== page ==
A ban on traditional wood burning stoves and stopping leaks from long distance gas pipelines are among measures that could help slow global temperature rises in coming years, a group of leading atmospheric scientists has found.
Such measures would curb so-called black carbon, a major component of soot, and ground level ozone, a big part of urban smog, says a new study coordinated by the United Nations Environment Programme and World Meteorological Organisation.
The report was released in Bonn, where delegates from more than 190 countries are struggling to make progress in the latest round of talks under the UN Framework Convention on Climate Change, an international treaty that came into force in 1994 to tackle global warming.
Many global warming efforts focus on cutting emissions of carbon dioxide, the main greenhouse gas.
But the authors of the new study say their work has shed new light on how black carbon and tropospheric ozone – found in the lower layer of the atmosphere – contribute to climate change.
They say their recommendations should not be seen as an alternative to cutting carbon dioxide emissions but an important addition.
“This report has brought clarity to the complexity of the heating and cooling effects of a range of pollutants and uses the science to show that there are clear and concrete measures that can be undertaken to help protect the global climate in the short to medium term,” said Drew Shindell of NASA’s Goddard Institute for Space Studies, who chaired the assessment.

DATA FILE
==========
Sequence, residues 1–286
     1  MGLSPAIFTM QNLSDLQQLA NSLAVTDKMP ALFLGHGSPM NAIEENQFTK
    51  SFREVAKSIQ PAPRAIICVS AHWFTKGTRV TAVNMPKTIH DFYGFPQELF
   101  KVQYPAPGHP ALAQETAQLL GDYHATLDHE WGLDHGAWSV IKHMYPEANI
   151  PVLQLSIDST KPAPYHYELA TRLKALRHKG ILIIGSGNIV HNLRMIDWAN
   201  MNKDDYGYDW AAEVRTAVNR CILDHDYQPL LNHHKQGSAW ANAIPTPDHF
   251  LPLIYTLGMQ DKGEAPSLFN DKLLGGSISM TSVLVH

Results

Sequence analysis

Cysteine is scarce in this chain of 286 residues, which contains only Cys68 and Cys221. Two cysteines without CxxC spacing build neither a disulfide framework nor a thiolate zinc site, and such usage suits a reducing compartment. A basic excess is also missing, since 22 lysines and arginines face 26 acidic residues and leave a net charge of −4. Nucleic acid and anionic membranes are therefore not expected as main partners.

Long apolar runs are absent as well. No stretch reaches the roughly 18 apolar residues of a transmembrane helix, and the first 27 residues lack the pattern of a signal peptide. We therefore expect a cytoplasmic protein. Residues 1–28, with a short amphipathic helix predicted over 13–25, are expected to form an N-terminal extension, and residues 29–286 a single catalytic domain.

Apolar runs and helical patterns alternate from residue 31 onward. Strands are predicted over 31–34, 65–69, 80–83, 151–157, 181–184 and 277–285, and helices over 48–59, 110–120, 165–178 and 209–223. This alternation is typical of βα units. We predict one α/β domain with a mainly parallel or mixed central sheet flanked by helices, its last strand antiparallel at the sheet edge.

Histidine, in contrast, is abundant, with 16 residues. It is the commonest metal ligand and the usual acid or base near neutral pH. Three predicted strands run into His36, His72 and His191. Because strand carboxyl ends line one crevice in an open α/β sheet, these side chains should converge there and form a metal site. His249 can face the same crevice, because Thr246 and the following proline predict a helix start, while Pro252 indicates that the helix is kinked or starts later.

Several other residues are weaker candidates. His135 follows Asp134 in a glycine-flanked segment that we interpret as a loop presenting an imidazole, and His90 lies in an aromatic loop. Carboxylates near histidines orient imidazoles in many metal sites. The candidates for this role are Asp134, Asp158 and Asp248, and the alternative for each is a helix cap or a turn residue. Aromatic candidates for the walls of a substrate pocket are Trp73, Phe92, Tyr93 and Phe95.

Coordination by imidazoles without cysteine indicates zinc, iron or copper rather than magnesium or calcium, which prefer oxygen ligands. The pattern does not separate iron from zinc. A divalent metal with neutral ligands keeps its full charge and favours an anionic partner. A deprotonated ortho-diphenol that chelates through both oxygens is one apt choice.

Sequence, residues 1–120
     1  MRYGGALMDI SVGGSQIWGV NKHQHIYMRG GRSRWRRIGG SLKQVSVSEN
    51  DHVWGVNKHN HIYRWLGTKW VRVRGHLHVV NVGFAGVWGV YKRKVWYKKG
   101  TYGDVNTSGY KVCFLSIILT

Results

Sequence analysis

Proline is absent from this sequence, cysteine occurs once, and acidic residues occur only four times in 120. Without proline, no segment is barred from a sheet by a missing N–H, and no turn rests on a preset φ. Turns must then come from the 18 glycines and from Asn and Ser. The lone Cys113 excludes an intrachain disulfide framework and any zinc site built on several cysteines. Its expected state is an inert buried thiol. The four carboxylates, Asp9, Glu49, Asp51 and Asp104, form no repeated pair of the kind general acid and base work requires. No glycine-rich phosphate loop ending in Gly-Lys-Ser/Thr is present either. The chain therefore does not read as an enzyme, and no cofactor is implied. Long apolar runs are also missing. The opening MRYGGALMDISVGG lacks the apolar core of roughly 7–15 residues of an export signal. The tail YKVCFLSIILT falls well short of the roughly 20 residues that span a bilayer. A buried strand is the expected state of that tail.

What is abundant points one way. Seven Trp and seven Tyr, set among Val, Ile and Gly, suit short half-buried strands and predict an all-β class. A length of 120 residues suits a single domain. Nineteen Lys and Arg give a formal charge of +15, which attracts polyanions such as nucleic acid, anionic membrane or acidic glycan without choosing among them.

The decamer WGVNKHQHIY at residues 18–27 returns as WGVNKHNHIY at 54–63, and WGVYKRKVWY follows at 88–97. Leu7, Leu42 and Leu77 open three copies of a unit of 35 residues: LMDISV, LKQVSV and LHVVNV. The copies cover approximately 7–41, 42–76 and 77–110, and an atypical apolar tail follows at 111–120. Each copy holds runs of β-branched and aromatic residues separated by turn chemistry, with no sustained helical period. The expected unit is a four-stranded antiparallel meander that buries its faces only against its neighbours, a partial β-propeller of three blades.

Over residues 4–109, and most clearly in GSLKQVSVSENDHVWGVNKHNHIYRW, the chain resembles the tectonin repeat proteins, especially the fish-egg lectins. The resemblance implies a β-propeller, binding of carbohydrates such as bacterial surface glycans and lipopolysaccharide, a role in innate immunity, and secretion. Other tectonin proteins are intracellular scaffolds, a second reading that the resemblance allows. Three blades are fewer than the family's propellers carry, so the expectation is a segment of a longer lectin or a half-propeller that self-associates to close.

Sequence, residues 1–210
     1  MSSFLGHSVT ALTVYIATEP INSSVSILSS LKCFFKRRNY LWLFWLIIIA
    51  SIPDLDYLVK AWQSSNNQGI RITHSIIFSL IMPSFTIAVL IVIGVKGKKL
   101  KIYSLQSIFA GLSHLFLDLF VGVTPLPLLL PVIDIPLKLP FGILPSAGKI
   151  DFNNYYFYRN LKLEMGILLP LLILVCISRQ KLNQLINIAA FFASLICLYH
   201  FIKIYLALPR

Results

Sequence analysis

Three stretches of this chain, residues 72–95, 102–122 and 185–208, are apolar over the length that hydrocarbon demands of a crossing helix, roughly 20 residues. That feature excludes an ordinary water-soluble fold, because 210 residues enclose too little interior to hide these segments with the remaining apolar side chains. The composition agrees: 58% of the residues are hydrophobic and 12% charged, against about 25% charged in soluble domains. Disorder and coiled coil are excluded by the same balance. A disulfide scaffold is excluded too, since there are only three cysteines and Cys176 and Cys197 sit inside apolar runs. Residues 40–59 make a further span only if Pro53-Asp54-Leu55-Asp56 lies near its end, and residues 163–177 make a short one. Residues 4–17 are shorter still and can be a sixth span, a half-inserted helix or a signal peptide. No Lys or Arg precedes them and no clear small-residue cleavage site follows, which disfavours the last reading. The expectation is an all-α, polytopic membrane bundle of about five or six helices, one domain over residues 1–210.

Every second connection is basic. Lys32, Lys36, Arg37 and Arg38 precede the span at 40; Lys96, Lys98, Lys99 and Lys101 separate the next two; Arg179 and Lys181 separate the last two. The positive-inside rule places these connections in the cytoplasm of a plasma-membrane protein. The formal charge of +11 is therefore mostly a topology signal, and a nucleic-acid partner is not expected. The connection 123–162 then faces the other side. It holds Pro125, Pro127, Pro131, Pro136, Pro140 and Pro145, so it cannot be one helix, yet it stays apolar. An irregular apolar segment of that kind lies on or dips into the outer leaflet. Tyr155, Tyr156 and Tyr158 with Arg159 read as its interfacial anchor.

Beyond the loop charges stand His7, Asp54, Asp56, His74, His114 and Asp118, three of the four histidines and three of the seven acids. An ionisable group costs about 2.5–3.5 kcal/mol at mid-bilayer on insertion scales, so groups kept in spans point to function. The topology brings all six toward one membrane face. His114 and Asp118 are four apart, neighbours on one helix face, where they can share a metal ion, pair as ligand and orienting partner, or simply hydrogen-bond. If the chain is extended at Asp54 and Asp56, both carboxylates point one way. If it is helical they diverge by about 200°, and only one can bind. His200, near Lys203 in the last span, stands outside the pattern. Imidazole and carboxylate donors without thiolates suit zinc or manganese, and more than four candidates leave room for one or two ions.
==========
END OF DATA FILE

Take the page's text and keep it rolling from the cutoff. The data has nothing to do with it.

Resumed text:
“Perhaps the most intriguing link is between emissions of methane and the formation of tropospheric ozone. Methane is a powerful greenhouse gas in its own right, but it has emerged that it is also triggering a great deal more global warming by contributing to the formation of significant levels of ground level ozone – indeed more than was previously supposed.”
The study recommends a series of measures, many of which are already in use in many countries.
- Replacing wood burning stoves in developed countries with pellet stoves and boilers using fuel from recycled wood and sawdust.
- Making diesel particle filters for vehicles part of emissions and fuel standards.
- Banning open burning of agricultural waste.
- Upgrading water treatment works to include gas recovery.
- Cutting methane emissions from coal, oil and gas industries.
If such measures were fully implemented, the projected temperature rise between now and the 2030s could roughly halve, the study says, though its authors concede more work needs to be done on how to introduce such steps globally.
Further study is also required to determine the costs of such measures.
Without action to curb climate change emissions, scientists have estimated global temperatures will rise on average by a further 1.3 degrees Celsius by mid-century.